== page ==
“What’s the head end handling the CCTV?” I ask.

“Back in the old days we used Intellex (Sensormatic) DVRs which given video compression and bandwidth issues in that era, were wonderful for live video streaming,” Grimshaw explains. “We then went to a hybrid solution and now we are fully IP – we use ExacqVision, which includes behavioural analytics. This was the first site to which we applied vehicle number plate recognition. 

“We are fundamentally looking at the same analytics as those being used in the retail environment, but customised to our industry requirements.  For example, rather than observing cash register transactions, we can use the system to video track freight and monitor traffic flow. In the future we may be able to see if too few people are trying to process too much freight. We will also use analytics for speed alerts around the site, which is another CI safety component.”

“You obviously have different cameras that are used internally and externally?” I ask.

“Traditionally, we’ve used lots of PTZ domes to allow the control centre to patrol sites but we’ve been moving towards more fixed cameras as camera resolution now allows more effective digital zooming,” Grimshaw tells me. “Domes are more for internal operations, as well as for specific targeting work externally. Domes are also great for remote patrols in regional depots. 

“Most our cameras are 1080p and recording frame rates vary depending on camera application. The belt sortation system runs at 2.7 metres per second – we run 15-18 frames per second in cameras monitoring the belt. External cameras run at a rate of 5-8 frames per second, some internal cameras are set around 10, our LPR cameras are fairly high to capture moving vehicles, while our internal cameras in quiet areas are on 5 frames per second.” 

The security installation here incorporates more than 50km of conduits and as I listen, the size of the system and its multifarious links to remote sites begin to challenge my comprehension. Any application this large and complex is going to be a long time in the planning.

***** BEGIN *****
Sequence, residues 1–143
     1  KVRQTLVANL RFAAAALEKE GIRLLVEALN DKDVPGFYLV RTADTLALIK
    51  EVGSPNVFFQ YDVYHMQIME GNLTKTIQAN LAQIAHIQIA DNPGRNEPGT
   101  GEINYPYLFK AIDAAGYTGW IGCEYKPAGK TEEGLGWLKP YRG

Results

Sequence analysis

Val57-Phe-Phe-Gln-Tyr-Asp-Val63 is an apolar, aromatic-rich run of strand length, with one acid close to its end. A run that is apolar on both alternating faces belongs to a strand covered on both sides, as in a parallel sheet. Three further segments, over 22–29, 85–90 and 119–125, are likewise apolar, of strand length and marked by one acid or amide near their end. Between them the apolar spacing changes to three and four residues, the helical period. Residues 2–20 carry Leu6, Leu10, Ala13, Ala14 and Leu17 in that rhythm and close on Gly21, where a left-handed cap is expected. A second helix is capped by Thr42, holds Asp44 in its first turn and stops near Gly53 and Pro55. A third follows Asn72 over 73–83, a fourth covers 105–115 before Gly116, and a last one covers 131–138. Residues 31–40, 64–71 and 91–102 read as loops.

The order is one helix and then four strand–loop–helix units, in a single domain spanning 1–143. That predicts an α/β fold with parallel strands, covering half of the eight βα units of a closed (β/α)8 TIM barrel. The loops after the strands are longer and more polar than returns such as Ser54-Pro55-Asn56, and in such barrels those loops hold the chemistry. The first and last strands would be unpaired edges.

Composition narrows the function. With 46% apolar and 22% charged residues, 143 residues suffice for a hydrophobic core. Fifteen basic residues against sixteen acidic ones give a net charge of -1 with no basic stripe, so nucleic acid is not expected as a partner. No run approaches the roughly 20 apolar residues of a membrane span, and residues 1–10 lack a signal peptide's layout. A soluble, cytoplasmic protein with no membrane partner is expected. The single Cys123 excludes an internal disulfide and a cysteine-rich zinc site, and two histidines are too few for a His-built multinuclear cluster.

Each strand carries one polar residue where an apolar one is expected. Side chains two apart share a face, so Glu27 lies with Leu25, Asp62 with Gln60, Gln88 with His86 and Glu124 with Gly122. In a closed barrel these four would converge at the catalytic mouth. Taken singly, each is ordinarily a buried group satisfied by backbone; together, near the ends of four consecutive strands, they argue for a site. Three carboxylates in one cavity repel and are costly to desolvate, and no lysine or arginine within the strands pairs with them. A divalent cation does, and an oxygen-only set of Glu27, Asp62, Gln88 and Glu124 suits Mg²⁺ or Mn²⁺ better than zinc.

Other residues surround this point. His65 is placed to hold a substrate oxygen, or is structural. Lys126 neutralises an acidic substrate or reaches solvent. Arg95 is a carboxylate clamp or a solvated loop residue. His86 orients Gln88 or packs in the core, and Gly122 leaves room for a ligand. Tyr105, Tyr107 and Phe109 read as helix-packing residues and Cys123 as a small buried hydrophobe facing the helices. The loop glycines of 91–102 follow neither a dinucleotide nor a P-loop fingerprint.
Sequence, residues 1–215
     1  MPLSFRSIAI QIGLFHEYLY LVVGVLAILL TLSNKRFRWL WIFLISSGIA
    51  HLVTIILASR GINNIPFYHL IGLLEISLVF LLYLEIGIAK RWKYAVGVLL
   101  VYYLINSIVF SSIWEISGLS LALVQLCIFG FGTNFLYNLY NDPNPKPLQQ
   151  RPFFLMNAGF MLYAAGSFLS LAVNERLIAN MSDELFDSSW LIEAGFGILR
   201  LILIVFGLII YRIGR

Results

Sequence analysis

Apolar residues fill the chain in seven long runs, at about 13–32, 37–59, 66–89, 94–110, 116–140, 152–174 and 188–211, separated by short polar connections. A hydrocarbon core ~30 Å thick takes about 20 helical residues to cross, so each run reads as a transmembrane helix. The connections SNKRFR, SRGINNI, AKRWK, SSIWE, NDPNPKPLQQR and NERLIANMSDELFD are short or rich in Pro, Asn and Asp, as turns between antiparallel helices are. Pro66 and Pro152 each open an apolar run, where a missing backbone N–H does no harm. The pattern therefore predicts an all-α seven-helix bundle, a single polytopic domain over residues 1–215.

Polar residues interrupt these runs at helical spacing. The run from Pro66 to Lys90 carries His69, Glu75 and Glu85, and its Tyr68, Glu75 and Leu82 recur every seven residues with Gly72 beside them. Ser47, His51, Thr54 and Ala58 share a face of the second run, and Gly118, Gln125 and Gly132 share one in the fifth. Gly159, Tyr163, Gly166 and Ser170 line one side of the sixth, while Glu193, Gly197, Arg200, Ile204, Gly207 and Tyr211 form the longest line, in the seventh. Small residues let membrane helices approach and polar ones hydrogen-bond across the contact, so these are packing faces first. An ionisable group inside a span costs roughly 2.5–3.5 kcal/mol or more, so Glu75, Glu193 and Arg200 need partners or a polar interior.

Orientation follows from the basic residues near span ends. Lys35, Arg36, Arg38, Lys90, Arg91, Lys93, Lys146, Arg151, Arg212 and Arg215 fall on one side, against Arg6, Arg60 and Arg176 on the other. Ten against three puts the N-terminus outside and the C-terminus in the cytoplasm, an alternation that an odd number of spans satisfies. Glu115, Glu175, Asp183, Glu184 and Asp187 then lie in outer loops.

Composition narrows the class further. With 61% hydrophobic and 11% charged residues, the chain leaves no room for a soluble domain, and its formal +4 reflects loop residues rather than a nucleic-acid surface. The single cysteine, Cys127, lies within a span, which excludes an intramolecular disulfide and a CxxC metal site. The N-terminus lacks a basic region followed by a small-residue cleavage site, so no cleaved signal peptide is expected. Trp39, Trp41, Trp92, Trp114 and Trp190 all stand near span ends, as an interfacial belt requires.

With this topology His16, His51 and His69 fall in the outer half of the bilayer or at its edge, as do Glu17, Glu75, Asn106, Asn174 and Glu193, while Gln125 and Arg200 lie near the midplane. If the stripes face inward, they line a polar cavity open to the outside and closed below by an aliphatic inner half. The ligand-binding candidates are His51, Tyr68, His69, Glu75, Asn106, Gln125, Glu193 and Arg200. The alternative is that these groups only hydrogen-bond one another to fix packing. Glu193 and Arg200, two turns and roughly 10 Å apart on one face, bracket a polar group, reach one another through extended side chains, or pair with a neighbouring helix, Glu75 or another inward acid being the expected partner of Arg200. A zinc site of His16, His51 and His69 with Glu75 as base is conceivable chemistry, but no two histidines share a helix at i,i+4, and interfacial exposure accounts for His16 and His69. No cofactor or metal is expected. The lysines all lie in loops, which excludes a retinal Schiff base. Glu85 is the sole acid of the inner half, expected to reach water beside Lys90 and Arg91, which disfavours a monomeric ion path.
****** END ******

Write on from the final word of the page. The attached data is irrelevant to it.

“The time from submitting a basic plan, costing, Capex, going to tender, exchanging contracts and doing the build was probably 2-and-a-half years,” Grimshaw says. 

Something that’s necessary but not easy to get across to readers is the hands-on nature of Toll’s security operation and talking to Grimshaw, you get a strong sense of the source of that technical and operational pragmatism. Supporting management and operations staff, Toll has an inhouse team of electronic security technicians, along with IT security technicians.

“Our inhouse technicians played a vital role, given this is an IP-based system and of course, our CCTV cameras are all integrated with our C-Cure alarm/access control system,” Grimshaw says. “Every alarm and access point nationally is monitored at our Grade 1A standard control room with associated video footage and as you can imagine, a lot of programming went into that back-end.” 

System installation

While Toll has inhouse electronic security technicians that were involved in the installation process, an application this large called for outside help.